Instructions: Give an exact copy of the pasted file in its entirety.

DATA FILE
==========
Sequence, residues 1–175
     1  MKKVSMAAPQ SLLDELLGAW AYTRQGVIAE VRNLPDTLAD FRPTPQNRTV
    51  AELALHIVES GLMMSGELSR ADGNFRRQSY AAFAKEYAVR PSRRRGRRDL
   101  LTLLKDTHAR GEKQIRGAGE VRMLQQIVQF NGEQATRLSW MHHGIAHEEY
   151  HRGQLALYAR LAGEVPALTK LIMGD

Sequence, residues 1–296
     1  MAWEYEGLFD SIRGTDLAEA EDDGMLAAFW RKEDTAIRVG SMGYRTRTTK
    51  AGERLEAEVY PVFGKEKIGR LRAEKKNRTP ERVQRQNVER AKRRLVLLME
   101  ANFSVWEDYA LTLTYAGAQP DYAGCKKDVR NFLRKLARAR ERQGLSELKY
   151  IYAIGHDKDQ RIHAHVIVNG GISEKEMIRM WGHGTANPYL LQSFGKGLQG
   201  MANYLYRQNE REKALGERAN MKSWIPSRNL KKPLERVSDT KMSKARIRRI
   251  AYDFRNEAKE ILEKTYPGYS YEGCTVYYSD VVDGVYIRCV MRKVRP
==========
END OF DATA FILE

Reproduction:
Sequence, residues 1–175
     1  MKKVSMAAPQ SLLDELLGAW AYTRQGVIAE VRNLPDTLAD FRPTPQNRTV
    51  AELALHIVES GLMMSGELSR ADGNFRRQSY AAFAKEYAVR PSRRRGRRDL
   101  LTLLKDTHAR GEKQIRGAGE VRMLQQIVQF NGEQATRLSW MHHGIAHEEY
   151  HRGQLALYAR LAGEVPALTK LIMGD

Sequence, residues 1–296
     1  MAWEYEGLFD SIRGTDLAEA EDDGMLAAFW RKEDTAIRVG SMGYRTRTTK
    51  AGERLEAEVY PVFGKEKIGR LRAEKKNRTP ERVQRQNVER AKRRLVLLME
   101  ANFSVWEDYA LTLTYAGAQP DYAGCKKDVR NFLRKLARAR ERQGLSELKY
   151  IYAIGHDKDQ RIHAHVIVNG GISEKEMIRM WGHGTANPYL LQSFGKGLQG
   201  MANYLYRQNE REKALGERAN MKSWIPSRNL KKPLERVSDT KMSKARIRRI
   251  AYDFRNEAKE ILEKTYPGYS YEGCTVYYSD VVDGVYIRCV MRKVRP